Tuesday, November 17, 2009
Rhode Island Begins Researching Lega;ized Marijuana Funds
State panel to begin research on legalized marijuana funds
01:00 AM EST on Monday, November 16, 2009
By Katie Mulvaney
Journal Staff Writer
PROVIDENCE — The commission charged with exploring how much money
the state could reap if it legalizes marijuana and taxes its sales will
meet for the first time Wednesday.
Lawmakers voted to create the nine-member panel in July, the day before
the General Assembly began its summer recess. Its first meeting is
slated for 3:30 p.m. in Room 212 of the State House.
The group intends to study issues surrounding the state's position
on marijuana, including money the state might make if it legalized it
and enacted a $35 "sin tax" for purchases of an ounce or more.
Other topics to be explored are the effects and costs of Rhode
Island's prohibition of the drug, except to sick people; whether
adult use has increased since it was banned in 1918; whether its sales
are financing drug cartels and fomenting violence; and its current
availability to young people. The group will also look at how states and
countries that have decriminalized the drug have fared.
One of the first subjects the panel will examine is Massachusetts'
experience since voters there overwhelmingly approved a ballot measure
in November 2008 that decriminalized possessing small amounts of
marijuana. People caught with less than an ounce face a $100 civil fine,
but not criminal charges.
The group will gauge the effectiveness of that state's policy and
its impact on law enforcement and prison resources, said Sen. Joshua
Miller, D-Cranston, one of five sponsors of the bill that created the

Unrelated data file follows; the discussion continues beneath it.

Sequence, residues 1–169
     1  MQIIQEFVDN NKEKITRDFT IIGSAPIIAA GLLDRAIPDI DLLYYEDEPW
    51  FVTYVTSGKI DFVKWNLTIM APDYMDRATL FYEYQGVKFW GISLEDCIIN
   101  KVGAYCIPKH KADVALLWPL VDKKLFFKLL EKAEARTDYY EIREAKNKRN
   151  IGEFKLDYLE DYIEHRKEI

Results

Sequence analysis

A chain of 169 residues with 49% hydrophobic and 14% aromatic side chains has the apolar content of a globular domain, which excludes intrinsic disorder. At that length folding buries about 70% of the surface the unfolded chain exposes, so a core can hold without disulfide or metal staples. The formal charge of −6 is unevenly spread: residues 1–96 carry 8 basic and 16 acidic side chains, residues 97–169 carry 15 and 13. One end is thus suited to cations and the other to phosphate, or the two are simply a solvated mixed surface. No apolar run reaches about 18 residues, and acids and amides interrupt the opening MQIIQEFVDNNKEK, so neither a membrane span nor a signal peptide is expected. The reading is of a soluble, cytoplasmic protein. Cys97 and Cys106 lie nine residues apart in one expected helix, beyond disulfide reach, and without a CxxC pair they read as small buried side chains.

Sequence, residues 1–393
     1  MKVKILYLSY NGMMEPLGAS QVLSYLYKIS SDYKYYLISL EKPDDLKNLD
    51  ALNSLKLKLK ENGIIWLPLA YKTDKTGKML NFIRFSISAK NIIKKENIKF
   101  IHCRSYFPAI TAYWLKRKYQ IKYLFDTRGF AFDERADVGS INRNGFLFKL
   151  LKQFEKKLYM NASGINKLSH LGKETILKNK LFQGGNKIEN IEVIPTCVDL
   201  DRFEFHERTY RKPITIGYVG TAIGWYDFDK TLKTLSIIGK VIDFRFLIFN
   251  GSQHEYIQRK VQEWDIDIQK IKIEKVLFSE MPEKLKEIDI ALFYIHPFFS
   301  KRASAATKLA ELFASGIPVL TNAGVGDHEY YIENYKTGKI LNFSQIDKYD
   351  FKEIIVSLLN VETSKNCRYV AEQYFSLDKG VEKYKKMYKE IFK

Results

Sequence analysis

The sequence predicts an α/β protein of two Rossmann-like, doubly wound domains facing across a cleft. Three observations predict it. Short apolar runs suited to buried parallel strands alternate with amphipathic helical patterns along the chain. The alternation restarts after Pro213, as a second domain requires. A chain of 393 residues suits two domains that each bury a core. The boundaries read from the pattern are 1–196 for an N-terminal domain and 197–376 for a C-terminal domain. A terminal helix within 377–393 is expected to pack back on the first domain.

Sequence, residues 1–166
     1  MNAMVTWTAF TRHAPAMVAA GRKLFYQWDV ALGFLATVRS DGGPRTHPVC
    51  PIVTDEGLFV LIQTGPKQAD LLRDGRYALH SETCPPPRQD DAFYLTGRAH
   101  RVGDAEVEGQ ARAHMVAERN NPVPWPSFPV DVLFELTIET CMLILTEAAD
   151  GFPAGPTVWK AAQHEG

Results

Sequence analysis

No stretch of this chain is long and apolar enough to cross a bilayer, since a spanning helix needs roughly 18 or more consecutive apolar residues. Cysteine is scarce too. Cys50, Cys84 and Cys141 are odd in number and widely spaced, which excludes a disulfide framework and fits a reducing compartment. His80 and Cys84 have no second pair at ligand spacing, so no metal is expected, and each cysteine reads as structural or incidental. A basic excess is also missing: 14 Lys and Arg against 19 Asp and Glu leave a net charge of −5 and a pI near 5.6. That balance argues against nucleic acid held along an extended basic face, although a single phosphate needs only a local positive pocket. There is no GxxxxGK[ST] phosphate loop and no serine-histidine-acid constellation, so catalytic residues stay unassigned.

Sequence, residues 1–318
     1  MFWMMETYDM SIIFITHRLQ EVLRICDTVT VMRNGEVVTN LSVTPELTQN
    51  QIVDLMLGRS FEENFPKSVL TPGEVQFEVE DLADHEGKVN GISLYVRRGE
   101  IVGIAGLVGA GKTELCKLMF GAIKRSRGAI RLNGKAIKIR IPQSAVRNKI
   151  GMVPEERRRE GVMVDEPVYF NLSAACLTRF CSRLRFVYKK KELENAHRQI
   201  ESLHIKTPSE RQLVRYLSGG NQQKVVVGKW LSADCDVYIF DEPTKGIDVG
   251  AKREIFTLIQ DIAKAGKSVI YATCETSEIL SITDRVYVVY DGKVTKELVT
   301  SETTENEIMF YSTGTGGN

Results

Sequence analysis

The panel also hopes to assess how marijuana use compares with alcohol,
in terms of costs to society, he said. Miller, a restaurant and bar
owner, has said he does not use illegal drugs and rarely drinks alcohol.
The state's stance on marijuana has evolved in recent years. The
General Assembly gave final passage to a law in 2006 allows patients
with debilitating medical conditions, such as cancer, HIV and multiple
sclerosis, to possess up to 12 marijuana plants or the equivalent of 2.5
ounces of marijuana at any one time.
In May, legislators overwhelmingly passed a bill that allowed
state-regulated marijuana dispensaries, known as compassion centers, so
patients wouldn't be forced to grow or buy marijuana on the street.
However, a bill that would have decriminalized marijuana possession in
Rhode Island by imposing a civil fine on anyone caught with an ounce or
less failed. Submitted by Leo R. Blais, R-Coventry, another sponsor of
creating the study commission, never made it out of the Senate Judiciary
Miller will be joined on the commission by: Glenn C. Loury, an economics
professor at Brown University; Nick Horton, of OPENDOORS, formerly the
Rhode Island Family Life Center; Donna Ploicastro, executive director of
the Rhode Island Nurses Association; Dr. David C. Lewis, of Brown's
Center for Alcohol and Addiction Studies; and Jeffrey Alan Miron, who
teaches economics at Harvard University.
It was unclear Sunday who the other three members are, but the group is
supposed to include local police as well as advocates or patients of the
state's medical-marijuana program.
The commission will meet at least three times before it is due to submit
a report on Jan. 31, Miller said.
http://www.projo. com/news/ content/MARIJUAN A_MEETING_ 11-16-09_ 4BGFB3A_v6. \